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Experts say harsh punishments needed for distracted driving

| Jun 14, 2018 | car accidents

Minnesota readers may be shocked to learn that approximately 9 people are killed and 1,000 people are hurt in distracted driving car accidents each day across the United States. This is happening despite state campaigns intended to educate the public on the dangers of texting and driving. As a result, some safety advocates are pushing for stronger punishments for those who engage in the behavior.

According to researchers, punishment is the most effective way to change dangerous health behaviors. For example, drunk driving and smoking were both reduced by increasing the punishments associated with them, and seat belt use was greatly increased by the introduction of “Click-It-Or-Ticket” laws. Meanwhile, studies show that trucking companies that have rules and punishments in place regarding dangerous driving behaviors have significantly safer traffic records than companies without rules and punishments.

Experts say that like smoking, texting and other cellphone activities can be addicting. Even responsible drivers who know the dangers of distracted driving are often tempted to read texts or answer phone calls. Therefore, harsh punishments may be needed to force people to put down their phones while behind the wheel. After strict anti-distracted driving laws are adopted, experts say that a national educational campaign similar to Mothers Against Drunk Driving needs to be organized. The combination of the two efforts should reduce distracted driving deaths and injuries.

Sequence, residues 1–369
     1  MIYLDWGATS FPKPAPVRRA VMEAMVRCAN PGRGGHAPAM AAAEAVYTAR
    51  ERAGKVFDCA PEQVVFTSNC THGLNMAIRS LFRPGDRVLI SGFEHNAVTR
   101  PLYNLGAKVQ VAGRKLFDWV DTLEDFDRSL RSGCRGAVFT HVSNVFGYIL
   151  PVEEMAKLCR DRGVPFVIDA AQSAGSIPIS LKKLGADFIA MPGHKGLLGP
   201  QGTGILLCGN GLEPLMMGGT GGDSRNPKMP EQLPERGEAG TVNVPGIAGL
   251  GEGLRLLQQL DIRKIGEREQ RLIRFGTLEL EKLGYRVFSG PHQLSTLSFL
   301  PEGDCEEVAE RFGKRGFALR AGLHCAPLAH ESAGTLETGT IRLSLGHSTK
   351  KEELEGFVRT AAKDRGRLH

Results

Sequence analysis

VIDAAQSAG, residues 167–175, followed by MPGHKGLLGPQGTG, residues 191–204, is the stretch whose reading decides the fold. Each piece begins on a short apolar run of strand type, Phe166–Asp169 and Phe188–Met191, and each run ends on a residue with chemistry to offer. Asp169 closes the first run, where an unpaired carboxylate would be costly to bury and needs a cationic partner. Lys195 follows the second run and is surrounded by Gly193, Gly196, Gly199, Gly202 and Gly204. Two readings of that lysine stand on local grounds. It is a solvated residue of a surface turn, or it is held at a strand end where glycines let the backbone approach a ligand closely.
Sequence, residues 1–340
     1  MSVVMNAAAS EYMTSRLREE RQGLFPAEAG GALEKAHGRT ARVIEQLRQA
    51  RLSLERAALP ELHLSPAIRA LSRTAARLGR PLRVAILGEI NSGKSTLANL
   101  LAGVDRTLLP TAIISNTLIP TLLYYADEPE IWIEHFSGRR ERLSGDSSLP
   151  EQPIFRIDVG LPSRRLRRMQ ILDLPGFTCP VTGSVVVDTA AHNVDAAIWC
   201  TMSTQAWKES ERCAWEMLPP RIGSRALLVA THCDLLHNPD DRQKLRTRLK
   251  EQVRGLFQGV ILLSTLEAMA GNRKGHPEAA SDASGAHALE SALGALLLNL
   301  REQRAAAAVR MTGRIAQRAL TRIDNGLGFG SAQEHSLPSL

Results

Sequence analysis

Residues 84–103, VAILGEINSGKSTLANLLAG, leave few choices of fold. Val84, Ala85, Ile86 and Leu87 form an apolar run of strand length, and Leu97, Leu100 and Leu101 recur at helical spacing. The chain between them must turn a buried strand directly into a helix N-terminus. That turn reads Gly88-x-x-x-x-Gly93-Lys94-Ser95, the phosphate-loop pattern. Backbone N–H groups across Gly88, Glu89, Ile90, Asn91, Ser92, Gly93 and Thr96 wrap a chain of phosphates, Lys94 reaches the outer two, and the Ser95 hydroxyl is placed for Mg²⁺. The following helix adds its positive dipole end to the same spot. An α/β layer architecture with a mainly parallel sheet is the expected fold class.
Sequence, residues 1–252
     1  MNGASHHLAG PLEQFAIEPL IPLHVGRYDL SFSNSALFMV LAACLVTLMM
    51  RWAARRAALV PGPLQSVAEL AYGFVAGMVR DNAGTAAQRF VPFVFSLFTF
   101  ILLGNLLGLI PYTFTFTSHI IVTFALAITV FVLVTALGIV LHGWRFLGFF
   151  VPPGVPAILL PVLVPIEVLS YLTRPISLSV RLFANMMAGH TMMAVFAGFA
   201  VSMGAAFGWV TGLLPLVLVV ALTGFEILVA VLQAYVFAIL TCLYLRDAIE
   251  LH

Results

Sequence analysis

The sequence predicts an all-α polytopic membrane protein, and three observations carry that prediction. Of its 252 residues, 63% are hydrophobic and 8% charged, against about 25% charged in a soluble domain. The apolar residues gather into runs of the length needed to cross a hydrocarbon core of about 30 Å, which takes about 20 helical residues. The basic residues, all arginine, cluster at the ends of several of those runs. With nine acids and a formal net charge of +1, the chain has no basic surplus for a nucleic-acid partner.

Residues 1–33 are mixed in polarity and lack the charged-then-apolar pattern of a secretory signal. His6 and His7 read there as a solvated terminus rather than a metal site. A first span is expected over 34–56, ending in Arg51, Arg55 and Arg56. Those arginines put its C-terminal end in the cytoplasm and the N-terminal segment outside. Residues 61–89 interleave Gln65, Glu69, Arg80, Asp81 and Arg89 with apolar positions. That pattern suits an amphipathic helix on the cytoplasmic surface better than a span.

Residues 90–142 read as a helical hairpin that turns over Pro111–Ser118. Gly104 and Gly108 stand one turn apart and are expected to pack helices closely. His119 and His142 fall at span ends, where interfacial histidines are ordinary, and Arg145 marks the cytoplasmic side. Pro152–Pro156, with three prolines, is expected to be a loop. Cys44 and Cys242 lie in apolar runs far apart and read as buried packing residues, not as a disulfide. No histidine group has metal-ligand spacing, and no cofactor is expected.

Texting while driving is a significant problem in Minnesota. Individuals who are injured in car accidents caused by a distracted driver may contact a personal injury attorney for assistance. The attorney may be able to review the details of the accident and determine whether a lawsuit is advisable. If so, an injured victim might receive financial compensation for medical expenses, lost income and other damages.

Source: Fleet Owner, “Texting and driving: A case for greater punishment,” Larry Kahaner, June 11, 2018